Why Isn’t Edward P. Tryon A World-famous Physicist?


Creative Commons via Wikimedia Commons, The History of the Universe

Why is there a Universe? Scientists simply don’t know how to address why questions. They are out of the present formulation of modern science….Nor do we know, or have any prospect of ever knowing, why there is a Universe.

Eric Chaisson, Cosmic Dawn: The Origins of Matter and Life, 1981

The Limits of Science

In the 1970s the Big Bang theory was coming to dominate how cosmologists saw our universe. This scientific model that our universe had been very, very tiny and extremely dense and existed at a single point of time and space and then began expanding was becoming the accepted scientific truth, even though there were still some serious problems with it.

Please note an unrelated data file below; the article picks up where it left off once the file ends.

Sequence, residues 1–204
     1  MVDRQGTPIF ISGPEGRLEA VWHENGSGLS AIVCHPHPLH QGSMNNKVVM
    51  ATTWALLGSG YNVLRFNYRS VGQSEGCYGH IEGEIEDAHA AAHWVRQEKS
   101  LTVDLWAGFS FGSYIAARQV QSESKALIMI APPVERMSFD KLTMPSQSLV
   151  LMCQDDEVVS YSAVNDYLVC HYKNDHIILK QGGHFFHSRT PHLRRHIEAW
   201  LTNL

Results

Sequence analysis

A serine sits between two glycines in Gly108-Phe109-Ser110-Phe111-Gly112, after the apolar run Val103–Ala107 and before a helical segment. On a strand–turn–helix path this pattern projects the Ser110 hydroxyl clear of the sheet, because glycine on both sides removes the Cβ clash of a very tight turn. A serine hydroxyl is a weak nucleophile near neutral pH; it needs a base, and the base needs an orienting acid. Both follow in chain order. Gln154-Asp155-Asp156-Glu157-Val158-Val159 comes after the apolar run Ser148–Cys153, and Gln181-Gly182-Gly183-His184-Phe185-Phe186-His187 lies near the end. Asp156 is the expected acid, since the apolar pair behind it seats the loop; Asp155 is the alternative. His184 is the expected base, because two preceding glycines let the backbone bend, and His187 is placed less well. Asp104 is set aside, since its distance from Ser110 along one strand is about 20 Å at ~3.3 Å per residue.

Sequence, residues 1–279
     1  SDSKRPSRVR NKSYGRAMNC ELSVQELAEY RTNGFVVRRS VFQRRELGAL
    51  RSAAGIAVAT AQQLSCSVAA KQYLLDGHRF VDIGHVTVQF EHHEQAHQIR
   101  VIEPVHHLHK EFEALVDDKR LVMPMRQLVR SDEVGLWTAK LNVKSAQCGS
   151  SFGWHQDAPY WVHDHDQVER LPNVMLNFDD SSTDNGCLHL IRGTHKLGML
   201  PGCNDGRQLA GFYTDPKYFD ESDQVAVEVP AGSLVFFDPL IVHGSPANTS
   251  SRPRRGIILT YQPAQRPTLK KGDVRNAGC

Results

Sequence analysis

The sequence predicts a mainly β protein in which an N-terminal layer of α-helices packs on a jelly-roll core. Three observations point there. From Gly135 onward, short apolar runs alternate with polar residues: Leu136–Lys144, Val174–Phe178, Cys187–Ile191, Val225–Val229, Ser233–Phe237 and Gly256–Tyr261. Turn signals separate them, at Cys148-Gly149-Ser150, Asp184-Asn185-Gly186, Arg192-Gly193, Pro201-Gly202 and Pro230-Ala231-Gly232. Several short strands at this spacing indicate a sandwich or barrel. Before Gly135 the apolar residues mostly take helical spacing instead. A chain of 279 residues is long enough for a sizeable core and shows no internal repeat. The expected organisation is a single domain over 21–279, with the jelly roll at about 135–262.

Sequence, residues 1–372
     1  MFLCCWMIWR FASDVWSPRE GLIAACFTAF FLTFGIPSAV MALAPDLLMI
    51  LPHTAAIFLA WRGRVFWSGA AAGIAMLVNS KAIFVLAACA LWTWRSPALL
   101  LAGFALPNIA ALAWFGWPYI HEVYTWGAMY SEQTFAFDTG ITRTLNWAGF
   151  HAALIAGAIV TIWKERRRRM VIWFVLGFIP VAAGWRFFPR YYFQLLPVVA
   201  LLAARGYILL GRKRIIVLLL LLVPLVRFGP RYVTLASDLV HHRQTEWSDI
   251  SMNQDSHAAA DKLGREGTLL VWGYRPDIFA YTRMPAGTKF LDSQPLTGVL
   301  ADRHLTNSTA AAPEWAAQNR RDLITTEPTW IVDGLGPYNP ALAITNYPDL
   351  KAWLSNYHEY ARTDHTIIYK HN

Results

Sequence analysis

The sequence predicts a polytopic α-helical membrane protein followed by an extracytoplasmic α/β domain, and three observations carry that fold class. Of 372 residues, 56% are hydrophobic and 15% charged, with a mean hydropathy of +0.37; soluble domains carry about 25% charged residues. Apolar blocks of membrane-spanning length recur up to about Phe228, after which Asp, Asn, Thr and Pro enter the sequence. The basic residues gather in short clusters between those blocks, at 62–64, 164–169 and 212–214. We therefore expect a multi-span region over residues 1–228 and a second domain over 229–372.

But what caused the creation of our universe? What came before the Big Bang? Here science was quiet, assuming this was beyond its powers of hypothesis and theory and observation and experimentation. It was a mystery and one definitely outside the purview of science, almost a question only religion dare ask or answer. One could ponder and speculate, but it was deemed impossible to have a scientific theory about what was reality pre-Big Bang and still call yourself a scientist.

And so in the early 1970s it was also still accepted and assumed that science could not answer the question why is there something rather than nothing.

Yet, one man thought he knew why there was something rather than nothing, and he believed this idea that he had about how our universe came into being could be argued as a scientific theory.

A Scientific Theory of What Caused the Big Bang

In December of 1973, the prestigious British scientific journal Nature published a two-page article titled, “Is the Universe a Vacuum Fluctuation?” by —> Read More